This is a tough column for a liberal to write. You may recall that I spent eight years hammering President George W. Bush for just about everything he did (and he deserved it!), yet one more thing must be said: Bush started the single best policy of any president in my lifetime.
This year marks the 20th anniversary of Bush’s mammoth program to fight H.I.V. and AIDS. That turned the tide of the epidemic and has saved 25 million lives so far.
Think of that: 25 million lives. That’s like saving every Australian. That’s more than all the Jews killed in the Holocaust and all the people killed in the genocides of Armenians, Cambodians, Rwandans, Bosnians, Darfuris and Rohingya; all the confirmed deaths from Covid worldwide; all the deaths of American troops in all wars in the country’s history back to 1776; all the gun deaths in the United States in the last half-century; and all the auto deaths in the United States in the last half-century — combined.
Bush’s initiative was called the President’s Emergency Plan for AIDS Relief, or PEPFAR. It paid for antiretroviral medicines for people with AIDS and for efforts to prevent the spread of the virus, including to newborns through childbirth. I knew how transformative PEPFAR had been when I interviewed coffin makers in Malawi and Lesotho and they fretted about the collapse of their business model: Because of Bush, many fewer people were dying.
“Genius plan; pretty crap acronym,” Bono called it. He also described it as “the most eloquent expression of American values anyone can think of in recent times.”
Sigh. It’s awkward for liberals when an earnest Irishman thanks us for a program created by Bush! How is it that the leading humanitarian initiative of our lifetime was engineered not by a globalist progressive but rather by a guy with whom we disagree on almost everything?
If your politics are like mine, this may be hard to acknowledge. After all, it was also 20 years ago that Bush began the catastrophe of the Iraq War, which claimed thousands of American lives and perhaps several hundred thousand Iraqi lives.
I opposed the Iraq War and then covered it, and I need no reminders about what a horrific miscalculation the invasion was. We in the media dropped the ball in both directions: We were insufficiently skeptical of the Iraq War, and then were insufficiently appreciative of something Bush did that was heroic.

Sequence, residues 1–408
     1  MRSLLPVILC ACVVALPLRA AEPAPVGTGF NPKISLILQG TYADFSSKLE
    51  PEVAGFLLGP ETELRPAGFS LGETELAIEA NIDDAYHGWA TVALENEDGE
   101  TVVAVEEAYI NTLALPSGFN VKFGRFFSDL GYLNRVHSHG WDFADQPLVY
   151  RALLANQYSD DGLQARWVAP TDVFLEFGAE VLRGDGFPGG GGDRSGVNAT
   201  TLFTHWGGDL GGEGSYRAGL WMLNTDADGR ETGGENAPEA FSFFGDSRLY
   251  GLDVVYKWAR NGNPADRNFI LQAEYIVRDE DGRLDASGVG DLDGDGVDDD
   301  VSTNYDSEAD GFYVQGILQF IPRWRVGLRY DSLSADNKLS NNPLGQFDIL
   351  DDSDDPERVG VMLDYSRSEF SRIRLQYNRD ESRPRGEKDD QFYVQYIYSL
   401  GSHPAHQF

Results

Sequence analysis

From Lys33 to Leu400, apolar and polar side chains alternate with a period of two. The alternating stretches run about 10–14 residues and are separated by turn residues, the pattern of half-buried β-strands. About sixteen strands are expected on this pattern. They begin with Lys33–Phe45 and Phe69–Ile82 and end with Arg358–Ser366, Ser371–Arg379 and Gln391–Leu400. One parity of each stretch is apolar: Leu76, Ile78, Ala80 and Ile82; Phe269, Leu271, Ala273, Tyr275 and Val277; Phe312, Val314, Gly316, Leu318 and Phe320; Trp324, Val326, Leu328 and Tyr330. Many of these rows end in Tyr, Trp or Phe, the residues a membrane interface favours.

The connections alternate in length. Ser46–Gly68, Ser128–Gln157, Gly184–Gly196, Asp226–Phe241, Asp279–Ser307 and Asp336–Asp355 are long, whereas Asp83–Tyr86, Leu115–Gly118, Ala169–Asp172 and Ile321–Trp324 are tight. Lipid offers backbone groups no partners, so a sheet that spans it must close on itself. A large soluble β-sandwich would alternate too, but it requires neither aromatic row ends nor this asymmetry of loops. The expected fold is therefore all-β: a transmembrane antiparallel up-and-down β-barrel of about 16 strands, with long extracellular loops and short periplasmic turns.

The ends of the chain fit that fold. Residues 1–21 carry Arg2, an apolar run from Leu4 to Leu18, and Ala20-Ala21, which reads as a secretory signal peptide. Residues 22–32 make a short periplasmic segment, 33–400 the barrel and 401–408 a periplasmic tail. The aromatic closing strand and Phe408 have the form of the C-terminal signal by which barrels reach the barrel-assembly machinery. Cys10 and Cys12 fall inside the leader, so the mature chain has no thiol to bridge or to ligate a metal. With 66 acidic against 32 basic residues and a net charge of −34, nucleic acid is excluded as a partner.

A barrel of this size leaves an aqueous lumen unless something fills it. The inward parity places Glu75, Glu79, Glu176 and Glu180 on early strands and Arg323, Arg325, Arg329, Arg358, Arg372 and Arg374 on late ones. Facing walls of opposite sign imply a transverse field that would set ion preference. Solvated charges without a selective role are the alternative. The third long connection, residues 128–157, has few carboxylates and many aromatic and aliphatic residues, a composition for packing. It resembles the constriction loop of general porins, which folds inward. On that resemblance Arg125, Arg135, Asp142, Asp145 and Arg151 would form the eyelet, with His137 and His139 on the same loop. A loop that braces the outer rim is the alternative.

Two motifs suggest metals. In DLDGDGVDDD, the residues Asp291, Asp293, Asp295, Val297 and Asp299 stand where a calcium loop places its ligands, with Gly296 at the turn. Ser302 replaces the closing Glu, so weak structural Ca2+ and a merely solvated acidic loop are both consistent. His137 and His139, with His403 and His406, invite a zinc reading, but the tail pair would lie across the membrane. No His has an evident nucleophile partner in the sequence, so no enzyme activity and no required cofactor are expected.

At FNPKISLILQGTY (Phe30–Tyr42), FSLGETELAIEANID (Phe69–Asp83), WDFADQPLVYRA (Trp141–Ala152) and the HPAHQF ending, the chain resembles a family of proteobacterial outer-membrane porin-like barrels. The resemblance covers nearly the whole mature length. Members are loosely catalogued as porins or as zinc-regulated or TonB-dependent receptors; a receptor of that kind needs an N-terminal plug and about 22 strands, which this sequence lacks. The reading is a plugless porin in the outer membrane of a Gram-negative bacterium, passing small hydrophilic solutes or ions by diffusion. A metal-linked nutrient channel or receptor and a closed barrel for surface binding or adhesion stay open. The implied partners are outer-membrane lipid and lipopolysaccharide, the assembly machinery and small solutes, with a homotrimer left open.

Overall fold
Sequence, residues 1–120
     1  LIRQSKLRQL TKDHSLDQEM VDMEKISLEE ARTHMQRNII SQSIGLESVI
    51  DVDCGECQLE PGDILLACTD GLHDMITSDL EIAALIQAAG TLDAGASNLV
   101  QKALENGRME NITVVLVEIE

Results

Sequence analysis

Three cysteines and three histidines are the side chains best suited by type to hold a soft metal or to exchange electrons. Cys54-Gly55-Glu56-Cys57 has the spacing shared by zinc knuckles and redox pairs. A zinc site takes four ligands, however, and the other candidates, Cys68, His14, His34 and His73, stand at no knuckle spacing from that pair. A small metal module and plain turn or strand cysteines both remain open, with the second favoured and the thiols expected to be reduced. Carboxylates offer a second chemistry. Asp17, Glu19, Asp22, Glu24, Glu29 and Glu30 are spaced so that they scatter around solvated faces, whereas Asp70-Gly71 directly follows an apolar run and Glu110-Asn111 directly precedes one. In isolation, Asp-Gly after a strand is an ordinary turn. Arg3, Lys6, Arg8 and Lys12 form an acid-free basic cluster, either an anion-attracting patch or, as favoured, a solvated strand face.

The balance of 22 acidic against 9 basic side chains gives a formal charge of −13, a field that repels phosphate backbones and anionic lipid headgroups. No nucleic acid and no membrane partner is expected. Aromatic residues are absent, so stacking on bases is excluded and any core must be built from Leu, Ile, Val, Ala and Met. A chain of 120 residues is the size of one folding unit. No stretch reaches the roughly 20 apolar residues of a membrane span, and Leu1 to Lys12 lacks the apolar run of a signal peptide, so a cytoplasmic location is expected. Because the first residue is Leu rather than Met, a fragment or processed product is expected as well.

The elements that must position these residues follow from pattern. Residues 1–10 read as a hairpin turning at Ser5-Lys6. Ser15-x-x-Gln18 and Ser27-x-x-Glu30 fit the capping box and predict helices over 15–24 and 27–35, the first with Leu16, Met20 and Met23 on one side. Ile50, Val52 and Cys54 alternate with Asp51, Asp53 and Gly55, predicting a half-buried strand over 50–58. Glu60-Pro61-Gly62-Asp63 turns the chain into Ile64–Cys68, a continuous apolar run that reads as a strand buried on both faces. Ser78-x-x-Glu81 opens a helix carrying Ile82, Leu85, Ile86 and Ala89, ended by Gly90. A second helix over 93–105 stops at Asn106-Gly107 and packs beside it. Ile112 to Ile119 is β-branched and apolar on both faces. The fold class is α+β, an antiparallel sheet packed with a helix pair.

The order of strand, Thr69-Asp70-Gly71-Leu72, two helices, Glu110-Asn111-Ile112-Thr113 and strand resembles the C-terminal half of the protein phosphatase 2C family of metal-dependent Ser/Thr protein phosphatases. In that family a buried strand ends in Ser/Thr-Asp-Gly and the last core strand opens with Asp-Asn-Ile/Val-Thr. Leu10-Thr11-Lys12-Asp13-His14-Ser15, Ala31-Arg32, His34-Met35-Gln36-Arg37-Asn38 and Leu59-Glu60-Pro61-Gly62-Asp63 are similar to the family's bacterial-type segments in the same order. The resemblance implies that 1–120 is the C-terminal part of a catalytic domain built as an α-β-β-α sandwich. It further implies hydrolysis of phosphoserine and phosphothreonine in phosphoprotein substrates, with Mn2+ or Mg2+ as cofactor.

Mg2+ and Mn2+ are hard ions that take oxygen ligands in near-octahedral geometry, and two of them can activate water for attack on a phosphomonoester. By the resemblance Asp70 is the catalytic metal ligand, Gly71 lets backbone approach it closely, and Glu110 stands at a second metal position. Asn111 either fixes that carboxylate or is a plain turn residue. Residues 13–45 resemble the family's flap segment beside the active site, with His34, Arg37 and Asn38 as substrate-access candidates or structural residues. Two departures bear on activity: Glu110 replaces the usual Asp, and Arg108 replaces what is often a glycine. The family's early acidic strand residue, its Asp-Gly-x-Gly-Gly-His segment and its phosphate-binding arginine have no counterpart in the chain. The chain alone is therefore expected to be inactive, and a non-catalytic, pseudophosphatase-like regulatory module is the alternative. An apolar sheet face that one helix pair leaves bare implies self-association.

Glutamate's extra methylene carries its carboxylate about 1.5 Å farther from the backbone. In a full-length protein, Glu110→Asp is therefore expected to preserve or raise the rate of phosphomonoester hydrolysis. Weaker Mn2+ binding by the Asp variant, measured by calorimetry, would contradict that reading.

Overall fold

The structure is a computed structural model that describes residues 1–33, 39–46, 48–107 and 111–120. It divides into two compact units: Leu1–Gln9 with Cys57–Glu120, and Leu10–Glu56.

Bush didn’t start PEPFAR because he was under pressure to do so. The only real push came from a few leaders of a constituency that I rarely agree with: conservative evangelicals. PEPFAR didn’t benefit Bush politically, and even after two decades and all those lives saved, many Americans have never heard of it.
That’s why I wanted to write this column: partly to be fair and give credit where it’s due, and partly because Bush’s lifesaving work with PEPFAR messes with our heads and forces us to face the world’s complexity.
Lyndon Johnson founded Medicare and pushed through landmark civil rights legislation while also expanding the cataclysm of the Vietnam War. I suspect that it’s easier for us to accept contradictions in someone like Johnson, who is now slipping into history, and more difficult with a figure like Bush, who still evokes raw fury.
My colleagues and I published a Times Opinion video about Bush and PEPFAR last month, and I was struck by the visceral anger from some fellow liberals who watched it, asking how we could possibly praise a war criminal — particularly around the anniversary of the Iraq War.
The answer is that I want to push back at oversimplified, single-arc narratives. We humans already suffer from a bundle of biases that lead us to information that will confirm our judgments rather than question them and that will reassure us about the moral purity of our side and the depravity of the other side; we’d get more done and find it easier to work with others if we acknowledged a world of grays.
How do we possibly weigh 25 million lives saved from AIDS against hundreds of thousands of lives squandered in war? We can’t: They are incommensurate yardsticks. A life saved in Uganda does not erase a life taken in Basra, but it’s equally true that senseless warfare in Iraq does not negate the most important humanitarian program in American history. Both are real, and if we experience cognitive dissonance, that’s because we inhabit a dissonant world.
I also worry that the failure to credit Bush for PEPFAR disincentivizes other presidents from starting grand programs. PEPFAR can and should be a model for other historic interventions. How about ensuring that every child worldwide can at least finish primary school? What about seeking to eliminate the curse of child poverty in America? How about ending cervical cancer worldwide?
By all means, let’s remember the lives lost in Iraq and thunder at Bush for his mistakes there and elsewhere. But let’s also honor a golden moment when a president did the right thing and provided American leadership to rein in one of the deadliest epidemics in history. While it may be hard for liberals like me to get these words out, let’s try: We Americans owe George W. Bush thanks for his leadership in saving 25 million lives in our name.
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